BANGOR – Instead of reaching for the stars, a significant number of recent New England School of Communications graduates are now working with them.
A recent survey of 2006 and 2007 NESCom grads show at least eight members who have moved to the Los Angeles area and are working in the entertainment industry, especially with television and movies.
The former students are mostly from tiny towns throughout New England and are part of the recent western movement by the school’s graduates.
Bill Devine, NESCom’s placement director, said the movement “isn’t an exodus but it does show a trend.” The most recent count of graduates in the past three years shows some 16 or 17 former students seeking career paths in places such as California, Nevada, Colorado and Arkansas.
For many the westward migration is as much of an adventure as it is an attempt to solidify a career path. The recent California relocation probably started with Melissa Newman of Hampton, N.H., a 2006 graduate, who simply packed her bags, said “I’m going,” and headed to Los Angeles to seek employment in her field of expertise.
This seems to have had a domino effect with a number of her acquaintances deciding to follow her. Melissa is employed by Gay Rosental Productions as a post-production assistant and is writing a script for a comedy television pilot about her experiences in moving to the West Coast.
Amanda Luce, who hails from Anson, is typical of the NESCom alumnae who have settled in the Los Angeles area. She is a set production assistant for television and had been working on the TV show “Saving Grace,” season two. She has also worked on the TV shows “Chuck” and “Cold Case” and will be involved with “Saving Grace,” season three, when it starts filming next March.
While working with “Saving Grace,” season one, Luce was responsible for ” the first team,” the main actors, cueing them on when to enter various scenes being filmed.
“You won’t see me in any of the episodes because I am hiding behind trees, desks or doors while giving directions to the actors,” she said. Before her stint with “Saving Grace” she worked at The Insider, the producer of Entertainment Tonight.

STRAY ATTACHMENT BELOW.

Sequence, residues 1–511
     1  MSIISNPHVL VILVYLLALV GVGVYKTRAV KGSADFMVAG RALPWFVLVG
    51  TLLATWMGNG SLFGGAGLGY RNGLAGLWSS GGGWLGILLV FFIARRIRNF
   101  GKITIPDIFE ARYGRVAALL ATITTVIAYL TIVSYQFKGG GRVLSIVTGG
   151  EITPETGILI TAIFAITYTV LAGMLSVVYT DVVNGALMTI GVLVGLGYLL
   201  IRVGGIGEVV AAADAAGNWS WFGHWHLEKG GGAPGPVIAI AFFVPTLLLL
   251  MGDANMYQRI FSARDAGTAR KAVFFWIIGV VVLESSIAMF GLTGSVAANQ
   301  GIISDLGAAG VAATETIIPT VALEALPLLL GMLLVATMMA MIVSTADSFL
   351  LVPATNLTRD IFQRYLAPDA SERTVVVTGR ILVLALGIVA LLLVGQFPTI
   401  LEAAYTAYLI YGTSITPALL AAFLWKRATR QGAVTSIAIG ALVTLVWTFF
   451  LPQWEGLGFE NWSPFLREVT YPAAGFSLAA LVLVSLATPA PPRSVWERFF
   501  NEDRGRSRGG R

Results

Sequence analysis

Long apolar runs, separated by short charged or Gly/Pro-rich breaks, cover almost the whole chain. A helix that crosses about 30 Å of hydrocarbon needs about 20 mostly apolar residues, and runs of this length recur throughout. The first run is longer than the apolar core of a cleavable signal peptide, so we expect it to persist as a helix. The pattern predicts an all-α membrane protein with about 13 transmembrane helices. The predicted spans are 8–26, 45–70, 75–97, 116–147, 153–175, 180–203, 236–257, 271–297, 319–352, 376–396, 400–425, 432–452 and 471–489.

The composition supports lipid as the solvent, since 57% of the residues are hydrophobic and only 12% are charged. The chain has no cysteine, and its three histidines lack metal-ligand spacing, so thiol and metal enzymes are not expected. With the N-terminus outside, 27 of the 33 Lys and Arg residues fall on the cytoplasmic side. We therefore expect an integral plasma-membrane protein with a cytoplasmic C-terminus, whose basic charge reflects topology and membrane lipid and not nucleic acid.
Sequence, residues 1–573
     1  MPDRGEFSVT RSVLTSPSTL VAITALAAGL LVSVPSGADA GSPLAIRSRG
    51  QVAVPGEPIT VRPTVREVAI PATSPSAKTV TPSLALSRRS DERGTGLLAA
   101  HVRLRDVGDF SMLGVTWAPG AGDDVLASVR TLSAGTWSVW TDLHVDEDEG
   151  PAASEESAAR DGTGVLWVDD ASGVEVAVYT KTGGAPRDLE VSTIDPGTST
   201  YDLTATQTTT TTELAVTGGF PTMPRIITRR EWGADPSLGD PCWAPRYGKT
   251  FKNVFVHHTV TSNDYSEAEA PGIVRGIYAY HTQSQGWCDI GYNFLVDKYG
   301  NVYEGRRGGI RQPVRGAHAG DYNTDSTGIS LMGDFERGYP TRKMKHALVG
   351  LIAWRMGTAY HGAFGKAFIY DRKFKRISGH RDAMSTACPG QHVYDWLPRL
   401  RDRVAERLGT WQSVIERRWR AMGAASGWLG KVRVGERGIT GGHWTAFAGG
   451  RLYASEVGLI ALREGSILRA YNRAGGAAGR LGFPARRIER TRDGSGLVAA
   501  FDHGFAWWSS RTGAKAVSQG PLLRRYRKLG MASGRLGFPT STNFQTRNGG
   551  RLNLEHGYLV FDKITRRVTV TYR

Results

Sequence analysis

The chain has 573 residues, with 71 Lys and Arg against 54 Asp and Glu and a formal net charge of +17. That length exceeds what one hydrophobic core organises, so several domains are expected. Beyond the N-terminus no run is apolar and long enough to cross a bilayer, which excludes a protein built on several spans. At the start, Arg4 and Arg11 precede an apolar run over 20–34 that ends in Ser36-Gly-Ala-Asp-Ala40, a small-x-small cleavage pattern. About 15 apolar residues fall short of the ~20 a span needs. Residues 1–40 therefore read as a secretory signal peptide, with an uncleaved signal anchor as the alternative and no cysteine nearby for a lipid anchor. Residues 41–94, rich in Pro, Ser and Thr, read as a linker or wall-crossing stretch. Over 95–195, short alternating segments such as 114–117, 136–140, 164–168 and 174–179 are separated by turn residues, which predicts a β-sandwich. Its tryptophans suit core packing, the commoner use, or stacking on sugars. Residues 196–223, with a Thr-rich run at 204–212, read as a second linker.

“That was very hectic. Anytime Brittany Spears even went to the gas station at midnight it produced the same chaos in the news room as if someone had died,” according to Luce. “When Heath Ledger died we got the news just 12 minutes before our 1 p.m. deadline to feed a broadcast to New York City. We made the deadline,” she added.
Like her fellow graduates, Luce finds working with the stars somewhat routine now. She has met Bruce Willis, Demi Moore, Matt Damon, the cast of “Desperate Housewives” and ” The Sopranos.”
Dan Judd from Annapolis, Md., now with the Nickelodeon Cable Network art department, has worked with George Lucas, Steven Spielberg and Jim Carrey. Nick Aniello, of Farmington, Conn., a freelance audio engineer whose stint at Herzog and Company included working directly with the director of “Pirates of the Caribbean” as well as recording the writers of the hit TV series “Lost,” is developing his own audio post house that specializes in editing, recording and audio forensics.
Las Vegas is the destination of six other NESCom graduates, all of whom have been employed by an audio visual company that provides technicians to handle the sound equipment used at meetings and other events by the J.W. Marriott hotel chain.
They are: David Potter, Bangor; Sarah Denbow, Kenduskeag; Theresa Dyzieyk, Swan’s Island; Michael Rancourt, Hermon; Chris Knauer, Hydeville, Vt.; and Adam Vinciguerra, South Berwick.
Also heeding the call to move west have been Justin Beach of Morrill, a news videographer for TV station KJCT in Grand Junction, Colo., and Kevin Matluk of Belfast, a TV editor for Powerhouse Productions in Hot Springs, Ark.
The enthusiasm of this group is well summed up by Amanda Luce, who said, “Needless to say, I have been having a blast out here [California] and I can’t wait for the adventures to come.”